10 Jul 2012

{Mothers Bake}

Today's guest is my lovely friend Louise. You can check out Louise's blog over here - she is mummy to two (under 3) I have so much respect for her. Louise is also one of my oldest friends - I have know her and her family since I was about 10. We lost contact for a while but we now speak on a daily basis. yay!.


Mothers bake.  That’s what they do.  I blame my mother for this mind-set.  She worked as a teacher from the time my younger sister started school so she didn’t have much time in the week.  But one day during every school holiday was dedicated to baking.  She’d make flapjacks, ’little cakes’, almond slices, millionaire’s shortbread, all portioned out and frozen to be defrosted in the weeks that followed.  We always had a piece of homemade cake in our lunchboxes.

The most beautiful and elaborate cakes were reserved for our birthdays.  Right up until our teenage years, we each had a specially chosen, home-made, hand-decorated birthday cake.  I can remember a carousel with chocolate animal biscuits parading round the side, a princess dress complete with half a Barbie sticking out the top, the most decadent chocolate cake decorated as a record on a record player, a game boy with Mario bursting through the screen.


So when my son turned one, last year, there was an inbuilt urge to bake his cake.  Friends made cupcakes, farmed out the baking to their mothers, or bought a beautifully iced cake from the supermarket.  But I had to make this cake.  Even if I never made another for him, his first birthday cake had to be my own.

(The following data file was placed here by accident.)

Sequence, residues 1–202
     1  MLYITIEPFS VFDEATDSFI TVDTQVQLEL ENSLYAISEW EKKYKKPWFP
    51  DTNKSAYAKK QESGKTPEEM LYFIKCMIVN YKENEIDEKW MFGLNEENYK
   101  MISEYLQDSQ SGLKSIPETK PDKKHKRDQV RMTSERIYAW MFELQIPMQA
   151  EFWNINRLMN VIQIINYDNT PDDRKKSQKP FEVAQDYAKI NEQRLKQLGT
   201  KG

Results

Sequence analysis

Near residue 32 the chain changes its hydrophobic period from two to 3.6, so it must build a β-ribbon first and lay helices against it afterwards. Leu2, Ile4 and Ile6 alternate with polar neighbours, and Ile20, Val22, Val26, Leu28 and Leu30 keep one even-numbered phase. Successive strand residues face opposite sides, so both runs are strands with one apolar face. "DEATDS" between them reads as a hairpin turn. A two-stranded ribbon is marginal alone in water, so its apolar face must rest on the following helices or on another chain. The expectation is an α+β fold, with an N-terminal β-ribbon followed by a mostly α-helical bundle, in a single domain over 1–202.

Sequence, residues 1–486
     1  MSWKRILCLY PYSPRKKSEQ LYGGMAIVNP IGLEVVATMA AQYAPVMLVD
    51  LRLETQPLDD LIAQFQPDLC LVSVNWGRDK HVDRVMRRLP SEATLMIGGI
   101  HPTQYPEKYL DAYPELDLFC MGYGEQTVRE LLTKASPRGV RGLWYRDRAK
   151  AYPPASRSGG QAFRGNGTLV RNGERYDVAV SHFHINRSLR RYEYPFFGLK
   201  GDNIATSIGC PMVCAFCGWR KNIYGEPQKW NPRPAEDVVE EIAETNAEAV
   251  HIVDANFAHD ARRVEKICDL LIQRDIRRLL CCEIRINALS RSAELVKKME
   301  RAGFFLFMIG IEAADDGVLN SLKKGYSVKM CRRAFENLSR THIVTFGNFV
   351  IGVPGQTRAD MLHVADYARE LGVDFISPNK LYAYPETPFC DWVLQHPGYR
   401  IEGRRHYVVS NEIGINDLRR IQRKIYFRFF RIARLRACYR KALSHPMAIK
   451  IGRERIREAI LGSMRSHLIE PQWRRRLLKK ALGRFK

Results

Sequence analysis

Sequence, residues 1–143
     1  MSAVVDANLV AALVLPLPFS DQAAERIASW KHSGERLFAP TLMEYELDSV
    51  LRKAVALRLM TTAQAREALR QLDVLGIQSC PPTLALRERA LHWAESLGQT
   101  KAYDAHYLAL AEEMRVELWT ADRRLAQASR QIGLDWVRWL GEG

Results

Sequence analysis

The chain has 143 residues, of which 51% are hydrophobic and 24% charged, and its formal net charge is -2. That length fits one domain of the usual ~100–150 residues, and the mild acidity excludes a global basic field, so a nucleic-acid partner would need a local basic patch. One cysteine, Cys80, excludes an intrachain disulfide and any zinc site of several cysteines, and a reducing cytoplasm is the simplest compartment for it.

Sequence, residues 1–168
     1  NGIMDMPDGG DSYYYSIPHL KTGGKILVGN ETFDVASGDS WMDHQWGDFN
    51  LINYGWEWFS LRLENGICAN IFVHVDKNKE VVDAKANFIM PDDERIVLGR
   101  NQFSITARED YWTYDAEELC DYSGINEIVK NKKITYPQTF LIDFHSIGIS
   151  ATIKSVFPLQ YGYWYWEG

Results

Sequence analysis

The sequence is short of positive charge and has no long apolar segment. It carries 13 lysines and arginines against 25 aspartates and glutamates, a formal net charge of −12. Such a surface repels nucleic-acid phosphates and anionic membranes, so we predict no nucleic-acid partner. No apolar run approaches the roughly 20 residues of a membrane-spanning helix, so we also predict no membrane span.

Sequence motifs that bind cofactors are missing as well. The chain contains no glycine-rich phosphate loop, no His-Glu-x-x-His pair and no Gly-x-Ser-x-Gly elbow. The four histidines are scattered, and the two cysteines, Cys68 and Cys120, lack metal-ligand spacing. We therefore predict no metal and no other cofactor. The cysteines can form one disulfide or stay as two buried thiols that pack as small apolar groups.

I made a delicious Nigella Lawson buttermilk sponge in two tiers, each one composed of two layers, sandwiched with jam and buttercream.  To say it was tall was an understatement.  And then I set about icing it.  I’d never iced a cake before in my life. I’d helped my mum decorate our Christmas cake a couple of times, but that was always after she’d marzipanned and iced it first.  And I don’t like marzipan so I set out to decorate this one without.  And for some reason, I ended up on the morning of his party with the cake un-iced.


My first attempt was not so much imperfect as ghastly; lumpy, cracked and not at all what I’d imagined.  Fortunately, a dear friend, with much more cake decorating experience, was staying for the weekend and rescued me.  She suggested a second layer of icing and we repaired the damage together, covering the worst cracks and lumps with the coloured stars I’d already prepared.  The finished article had a lovely bump all the way round where the buttercream was oozing out the side, but otherwise was perfectly presentable (from the other side of the room, at least!).  And it was delicious, which was fortunate given how much of it there was!

I’ve been bitten by the homemade birthday cake bug but also learned my lesson.  I’m going to have to work up to the levels my mother achieved.  It’s best to be prepared, not to make life too difficult for yourself with too-high standards and tend towards your strengths.  A bit like child-raising in general really.


And his second birthday?  Chocolate cupcakes with blue icing and sugar butterflies.  His choices, including the butterflies.  But that’s another story!

2 comments:

  1. I think your cake looks beautiful and something to be proud of. I love to bake but I don't get it from my mum and my daughter hasn't caught my enthusiasm, they certainly love to eat the cake though! Thanks for sharing your lovely story.

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  2. Yum!! So many lovely cakes, they always taste better when Mummy makes them <3

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